Did you already need to measure real-time I/O performance of an oracle database ?
AWR could provide an answer for historical period of time but what’s about: what is going on on my database right now ?
To measure real-time I/O performance I use one of my perl script (system_event.pl) based on the gv$system_event cumulative view.
As this view is a cumulative one (values are gathered since the instance started up), to extract real-time information the script takes a snapshot each second (default interval) and computes the differences with the previous snapshot.
Let’s see an example: as this post deals with IO performance, we can focus on this particular wait class that way:
./system_event.pl waitclass="User I/O" 18:27:36 INST_NAME EVENT NB_WAITS TIME_WAITED ms/Wait 18:27:36 BDTO_2 Disk file operations I/O 1 77 0.077 18:27:36 BDTO_2 db file scattered read 241 1423749 5.908 18:27:36 BDTO_2 db file sequential read 260 1168489 4.494 18:27:36 BDTO_2 db file parallel read 626 10447664 16.690 --------------------------------------> NEW 18:27:37 INST_NAME EVENT NB_WAITS TIME_WAITED ms/Wait 18:27:37 BDTO_2 Disk file operations I/O 1 84 0.084 18:27:37 BDTO_2 db file scattered read 205 1128732 5.506 18:27:37 BDTO_2 db file sequential read 261 1196085 4.583 18:27:37 BDTO_2 db file parallel read 592 9224011 15.581
So, during the last second we got 261 “db file sequential read” events for an average of 4.583 ms per wait.
You could get more detailed information thanks to the gv$event_histogram view (benefit of this view is described in this post).
As this view is a cumulative one, to extract real-time information, I wrote the event_histogram.pl perl script.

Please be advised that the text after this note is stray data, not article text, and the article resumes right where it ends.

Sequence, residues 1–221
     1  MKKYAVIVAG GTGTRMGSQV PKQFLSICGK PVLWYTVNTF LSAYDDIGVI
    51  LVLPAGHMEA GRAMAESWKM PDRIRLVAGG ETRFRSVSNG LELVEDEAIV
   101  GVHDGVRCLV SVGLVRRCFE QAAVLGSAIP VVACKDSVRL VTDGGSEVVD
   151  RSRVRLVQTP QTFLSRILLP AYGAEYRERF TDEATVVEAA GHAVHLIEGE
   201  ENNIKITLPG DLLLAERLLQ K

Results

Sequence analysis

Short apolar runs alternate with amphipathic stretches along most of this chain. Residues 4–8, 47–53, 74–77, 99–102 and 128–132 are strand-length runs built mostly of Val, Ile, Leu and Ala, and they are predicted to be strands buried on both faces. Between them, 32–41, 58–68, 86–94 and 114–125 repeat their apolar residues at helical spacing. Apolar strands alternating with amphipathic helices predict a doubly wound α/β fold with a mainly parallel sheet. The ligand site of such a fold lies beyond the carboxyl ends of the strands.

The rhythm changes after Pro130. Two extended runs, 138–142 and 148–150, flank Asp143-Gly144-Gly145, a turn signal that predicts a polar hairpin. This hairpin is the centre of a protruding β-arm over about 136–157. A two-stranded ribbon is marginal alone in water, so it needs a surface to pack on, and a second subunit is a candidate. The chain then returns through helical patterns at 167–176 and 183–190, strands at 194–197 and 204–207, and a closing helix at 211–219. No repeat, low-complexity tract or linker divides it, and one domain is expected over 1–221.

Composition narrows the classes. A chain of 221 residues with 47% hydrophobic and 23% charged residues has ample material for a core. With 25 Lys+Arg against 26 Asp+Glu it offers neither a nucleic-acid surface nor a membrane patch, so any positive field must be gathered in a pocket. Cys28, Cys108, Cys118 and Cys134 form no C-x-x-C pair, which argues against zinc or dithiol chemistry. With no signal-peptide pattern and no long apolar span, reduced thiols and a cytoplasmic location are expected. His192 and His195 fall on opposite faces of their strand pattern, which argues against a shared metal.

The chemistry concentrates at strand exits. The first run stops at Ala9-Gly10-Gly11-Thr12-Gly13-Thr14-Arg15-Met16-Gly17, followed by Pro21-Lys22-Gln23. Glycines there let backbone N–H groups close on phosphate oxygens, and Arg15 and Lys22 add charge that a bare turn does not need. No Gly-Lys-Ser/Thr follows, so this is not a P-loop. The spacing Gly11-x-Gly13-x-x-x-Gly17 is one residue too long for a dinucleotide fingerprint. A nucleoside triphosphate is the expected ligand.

./event_histogram.pl event='db file sequential read' 18:32:52 INST_NAME EVENT WAIT_TIME_MS COUNT 18:32:52 BDTO_1 db file sequential read 1 0 18:32:52 BDTO_2 db file sequential read 2 0 18:32:52 BDTO_2 db file sequential read 256 0 18:32:52 BDTO_1 db file sequential read 4 0 18:32:52 BDTO_2 db file sequential read 8 0 18:32:52 BDTO_1 db file sequential read 8 0 18:32:52 BDTO_1 db file sequential read 512 0 18:32:52 BDTO_1 db file sequential read 16 0 18:32:52 BDTO_2 db file sequential read 4 2 18:32:52 BDTO_2 db file sequential read 1 5
In this example we can see that 5 “df file sequential read” took less than 1ms to complete during the last second.
Of course those two perl scripts deal with all oracle wait events and not only the ones related to the User I/O wait class: then you can extend their usage area following your needs on system events.
See the help for more details:
./system_event.pl help Usage: ./system_event.pl [Interval [Count]] [inst] [top=] [waitclass=Concurrency|User I/O|System I/O|Administrative|Configuration|Other|Cluster|Application|Idle|Commit|Network] [event=] Default Interval : 1 second. Default Count : Unlimited Parameter Comment Default --------- ------- ------- INST= ALL - Show all Instance(s) ALL CURRENT - Show Current Instance INSTANCE_NAME,... - choose Instance(s) to display << Instances are only displayed in a RAC DB >> TOP= Number of rows to display 10 WAITCLASS=Concurrency|User I/O|System I/O|Administrative|Configuration|Other|Cluster|Application|Idle|Commit|Network ALL EVENT= ALL - Show all EVENTS ALL
As usual :
- You can choose the number of snapshots to display and the time to wait between snapshots.
- You can choose to filter on wait_class and on a particular event (by default no filter is applied).
- This script is oracle RAC aware : you can work on all the instances, a subset or the local one.
- You have to set oraenv on one instance of the database you want to diagnose first.
- The script has been tested on Linux, Unix and Windows.